Afshinnekoo E.,Weill Cornell Medicine |
Afshinnekoo E.,HRH Prince Alwaleed Bin Talal Bin Abdulaziz Alsaud Institute for Computational Biomedicine |
Afshinnekoo E.,New York Medical College |
Ahsanuddin S.,Weill Cornell Medicine |
And 5 more authors.
British Medical Bulletin | Year: 2016
Introduction or background: Crowdfunding and crowdsourcing of medical research has emerged as a novel paradigm for many biomedical disciplines to rapidly collect, process and interpret data from high-throughput and highdimensional experiments. The novelty and promise of these approaches have led to fundamental discoveries about RNA mechanisms, microbiome dynamics and even patient interpretation of test results. However, these methods require robust training protocols, uniform sampling methods and experimental rigor in order to be useful for subsequent research efforts. Executed correctly, crowdfunding and crowdsourcing can leverage public resources and engagement to generate support for scientific endeavors that would otherwise be impossible due to funding constraints and or the large number of participants needed for data collection. Sources of data: We conducted a comprehensive literature review of scientific studies that utilized crowdsourcing and crowdfunding to generate data. We also discuss our own experiences conducting citizen-science research initiatives (MetaSUB and PathoMap) in ensuring data robustness, educational outreach and public engagement. Areas of agreement: We demonstrate the efficacy of crowdsourcing mechanisms for revolutionizing microbiome and metagenomic research to better elucidate the microbial and genetic dynamics of cities around the world (as well as non-urban areas). Crowdsourced studies have been able to create an improved and unprecedented ability to monitor, design and measure changes at the microbial and macroscopic scale. Thus, the use of crowdsourcing strategies has dramatically altered certain genomics research to create global citizen-science initiatives that reveal new discoveries about the world's genetic dynamics. Areas of controversy: The effectiveness of crowdfunding and crowdsourcing is largely dependent on the study design and methodology. One point of contention for the present discussion is the validity and scientific rigor of data that are generated by non-scientists. Selection bias, limited sample sizes and limitations for scientists in enforcing standardized protocols are all challenges for those who engage in citizen-science initiatives. Growing points: Despite the aforementioned concerns, crowdsourced data allow for greater inroads into the field of personalized medicine, whereby community members take an active role in generating data about their personal and environmental health. Areas timely for developing research: Crowdsourced viral and metagenomic studies are the next step in elucidating the genomic and epigenomic characterization of urban population health. © The Author 2016.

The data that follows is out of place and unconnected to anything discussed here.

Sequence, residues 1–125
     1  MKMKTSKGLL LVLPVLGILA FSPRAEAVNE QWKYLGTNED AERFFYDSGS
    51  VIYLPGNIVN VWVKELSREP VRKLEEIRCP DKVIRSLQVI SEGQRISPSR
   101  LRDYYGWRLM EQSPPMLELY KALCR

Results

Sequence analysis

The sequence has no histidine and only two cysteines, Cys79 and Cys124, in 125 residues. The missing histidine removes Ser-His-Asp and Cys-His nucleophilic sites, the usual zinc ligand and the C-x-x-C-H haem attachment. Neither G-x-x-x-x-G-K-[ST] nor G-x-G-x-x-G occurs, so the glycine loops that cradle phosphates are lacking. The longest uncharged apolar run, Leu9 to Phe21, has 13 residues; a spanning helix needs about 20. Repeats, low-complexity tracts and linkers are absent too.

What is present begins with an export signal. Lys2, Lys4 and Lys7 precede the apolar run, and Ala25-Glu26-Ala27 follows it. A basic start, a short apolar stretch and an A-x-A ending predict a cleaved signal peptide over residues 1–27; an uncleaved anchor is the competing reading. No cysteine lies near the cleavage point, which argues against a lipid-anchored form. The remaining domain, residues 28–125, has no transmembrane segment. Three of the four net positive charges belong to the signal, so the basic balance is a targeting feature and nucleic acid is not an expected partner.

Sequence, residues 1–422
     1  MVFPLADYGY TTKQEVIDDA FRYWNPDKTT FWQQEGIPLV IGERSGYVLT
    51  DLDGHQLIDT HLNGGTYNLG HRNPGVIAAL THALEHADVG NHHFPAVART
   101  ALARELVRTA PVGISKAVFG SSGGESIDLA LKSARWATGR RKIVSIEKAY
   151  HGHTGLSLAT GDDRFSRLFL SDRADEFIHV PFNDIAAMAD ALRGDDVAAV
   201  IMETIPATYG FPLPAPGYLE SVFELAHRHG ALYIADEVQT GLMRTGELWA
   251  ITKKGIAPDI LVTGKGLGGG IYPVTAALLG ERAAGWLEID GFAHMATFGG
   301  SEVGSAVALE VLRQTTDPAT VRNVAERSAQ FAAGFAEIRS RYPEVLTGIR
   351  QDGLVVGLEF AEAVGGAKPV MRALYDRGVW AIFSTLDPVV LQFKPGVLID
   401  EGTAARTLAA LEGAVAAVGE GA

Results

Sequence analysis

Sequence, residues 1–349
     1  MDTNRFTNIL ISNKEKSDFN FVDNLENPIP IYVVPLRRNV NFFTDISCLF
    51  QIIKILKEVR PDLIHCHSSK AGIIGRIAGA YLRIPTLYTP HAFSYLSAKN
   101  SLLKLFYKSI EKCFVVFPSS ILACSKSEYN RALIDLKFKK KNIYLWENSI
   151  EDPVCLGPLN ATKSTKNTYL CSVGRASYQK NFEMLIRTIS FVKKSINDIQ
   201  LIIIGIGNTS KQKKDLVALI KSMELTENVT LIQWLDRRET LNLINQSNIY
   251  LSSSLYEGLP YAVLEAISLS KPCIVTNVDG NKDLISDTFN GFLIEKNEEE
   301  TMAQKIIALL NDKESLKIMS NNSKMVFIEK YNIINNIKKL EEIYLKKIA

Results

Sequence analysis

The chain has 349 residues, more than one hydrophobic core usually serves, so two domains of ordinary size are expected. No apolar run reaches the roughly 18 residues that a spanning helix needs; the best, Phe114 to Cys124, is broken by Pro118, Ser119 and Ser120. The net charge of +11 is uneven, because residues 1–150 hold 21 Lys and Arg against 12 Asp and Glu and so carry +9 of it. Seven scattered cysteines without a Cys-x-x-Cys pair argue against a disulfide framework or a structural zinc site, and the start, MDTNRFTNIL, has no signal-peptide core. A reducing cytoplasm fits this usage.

Giannopoulou E.,HRH Prince Alwaleed Bin Talal Bin Abdulaziz Alsaud Institute for Computational Biomedicine |
Alves P.,Yale University |
Tewari A.K.,ak Center for Robotic Surgery |
Gerstein M.B.,Yale University |
And 6 more authors.
Cancer Research | Year: 2013
Androgen receptor signaling plays a critical role in prostate cancer pathogenesis. Yet, the regulation of androgen receptor signaling remains elusive. Even with stringent androgen deprivation therapy, androgen receptor signaling persists. Here, our data suggest that there is a complex interaction between the expression of the tumor suppressor miRNA, miR-31, and androgen receptor signaling. We examined primary and metastatic prostate cancer and found that miR-31 expression was reduced as a result of promoter hypermethylation, and importantly, the levels of miR-31 expression were inversely correlated with the aggressiveness of the disease. As the expression of androgen receptor and miR-31 was inversely correlated in the cell lines, our study further suggested that miR-31 and androgen receptor could mutually repress each other. Upregulation of miR-31 effectively suppressed androgen receptor expression through multiple mechanisms and inhibited prostate cancer growth in vivo. Notably, we found that miR-31 targeted androgen receptor directly at a site located in the coding region, which was commonly mutated in prostate cancer. In addition, miR-31 suppressed cell-cycle regulators including E2F1, E2F2, EXO1, FOXM1, and MCM2. Together, our findings suggest a novel androgen receptor regulatory mechanism mediated through miR-31 expression. The downregulation of miR-31 may disrupt cellular homeostasis and contribute to the evolution and progression of prostate cancer. We provide implications for epigenetic treatment and support clinical development of detecting miR-31 promoter methylation as a novel biomarker. © 2012 American Association for Cancer Research.